The terms hardwood and softwood are often used, but I struggle to find a reliable definition.
Is the wood's density sufficient as the distinguishing feature?
Is it the only one?
As oil is known to harden a wooden surface, is it possible to create a (in terms of density) hardwood-like surface on a piece of softwood? Is it even possible to get softwood that's harder than (relatively soft) hardwood this way?
When I asked for hardwood and softwood, I had the German terms “Hartholz” and “Weichholz” in mind. It turns out they do not translate one-to-one: In English, according to Wikipedia and ON5MF's answer, the distinction is made by the type of tree from which the wood is harvested. That corresponds to the German terms “Laubholz” (wood from dicot angiosperm trees, = hardwood) and “Nadelholz” (wood from gymnosperm trees, = softwood). The differentiation in “Hartholz” and “Weichholz” differs from that in a way that it takes the wood's “hardness” as the distinguishing feature, and I wondered how exactly this is measured and defined. So, additional question: Is there a similar differentiation in English?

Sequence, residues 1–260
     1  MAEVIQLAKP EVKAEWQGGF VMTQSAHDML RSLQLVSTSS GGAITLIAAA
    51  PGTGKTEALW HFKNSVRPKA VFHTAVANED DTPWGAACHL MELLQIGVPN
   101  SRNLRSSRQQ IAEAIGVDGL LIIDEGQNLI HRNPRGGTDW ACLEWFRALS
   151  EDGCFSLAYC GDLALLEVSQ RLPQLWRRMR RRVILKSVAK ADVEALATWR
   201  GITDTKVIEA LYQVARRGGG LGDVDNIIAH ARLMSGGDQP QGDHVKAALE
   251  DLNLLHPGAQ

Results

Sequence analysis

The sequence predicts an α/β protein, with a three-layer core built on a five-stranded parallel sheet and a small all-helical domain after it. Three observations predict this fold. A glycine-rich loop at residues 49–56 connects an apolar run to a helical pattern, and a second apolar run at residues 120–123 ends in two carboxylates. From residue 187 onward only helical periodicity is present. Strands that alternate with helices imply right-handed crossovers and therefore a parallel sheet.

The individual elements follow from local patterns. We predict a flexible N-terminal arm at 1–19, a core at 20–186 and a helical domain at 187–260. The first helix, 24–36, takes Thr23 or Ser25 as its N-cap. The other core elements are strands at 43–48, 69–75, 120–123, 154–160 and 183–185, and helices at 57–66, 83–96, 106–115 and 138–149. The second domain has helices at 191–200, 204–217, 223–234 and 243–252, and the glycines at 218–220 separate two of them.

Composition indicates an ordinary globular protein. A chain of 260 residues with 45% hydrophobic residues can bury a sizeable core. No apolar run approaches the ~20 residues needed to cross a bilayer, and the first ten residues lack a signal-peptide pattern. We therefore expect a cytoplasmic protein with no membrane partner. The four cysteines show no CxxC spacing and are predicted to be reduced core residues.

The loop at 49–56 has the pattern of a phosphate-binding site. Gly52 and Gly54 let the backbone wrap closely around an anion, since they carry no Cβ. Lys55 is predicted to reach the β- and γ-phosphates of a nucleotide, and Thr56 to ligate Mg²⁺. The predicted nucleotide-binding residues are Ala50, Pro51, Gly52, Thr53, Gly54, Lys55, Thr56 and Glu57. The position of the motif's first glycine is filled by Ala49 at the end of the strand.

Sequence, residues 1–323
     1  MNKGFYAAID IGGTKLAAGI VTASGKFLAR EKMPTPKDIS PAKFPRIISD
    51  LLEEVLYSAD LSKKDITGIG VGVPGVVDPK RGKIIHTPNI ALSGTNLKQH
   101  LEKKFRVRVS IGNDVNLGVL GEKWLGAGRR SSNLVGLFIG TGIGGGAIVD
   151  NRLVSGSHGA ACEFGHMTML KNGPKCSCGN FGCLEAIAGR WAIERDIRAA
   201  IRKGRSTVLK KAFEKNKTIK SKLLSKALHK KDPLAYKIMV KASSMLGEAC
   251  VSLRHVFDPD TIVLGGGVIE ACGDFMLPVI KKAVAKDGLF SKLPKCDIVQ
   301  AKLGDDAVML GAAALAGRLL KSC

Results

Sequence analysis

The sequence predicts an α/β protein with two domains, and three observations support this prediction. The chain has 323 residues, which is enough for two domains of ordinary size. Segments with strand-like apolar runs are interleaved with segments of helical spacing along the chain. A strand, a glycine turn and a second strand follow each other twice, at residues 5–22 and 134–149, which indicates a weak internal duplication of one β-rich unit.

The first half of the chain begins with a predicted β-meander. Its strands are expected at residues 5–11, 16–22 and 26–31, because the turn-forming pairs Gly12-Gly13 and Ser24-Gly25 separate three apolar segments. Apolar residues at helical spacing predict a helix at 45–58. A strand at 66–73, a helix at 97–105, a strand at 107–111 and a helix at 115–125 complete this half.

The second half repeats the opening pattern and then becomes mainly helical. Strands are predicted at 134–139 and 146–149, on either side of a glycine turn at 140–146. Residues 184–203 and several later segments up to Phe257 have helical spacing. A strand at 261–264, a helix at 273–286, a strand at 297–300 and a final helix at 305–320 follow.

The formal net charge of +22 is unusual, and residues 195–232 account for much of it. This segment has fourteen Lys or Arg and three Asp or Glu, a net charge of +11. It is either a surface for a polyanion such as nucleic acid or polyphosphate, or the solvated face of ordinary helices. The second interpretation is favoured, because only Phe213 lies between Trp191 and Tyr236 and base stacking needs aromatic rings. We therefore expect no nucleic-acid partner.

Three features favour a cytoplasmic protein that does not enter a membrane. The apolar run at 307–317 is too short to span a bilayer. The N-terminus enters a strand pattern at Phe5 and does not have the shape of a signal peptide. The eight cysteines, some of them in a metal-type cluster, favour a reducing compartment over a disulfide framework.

tl;dr: How do you measure a wood's hardness?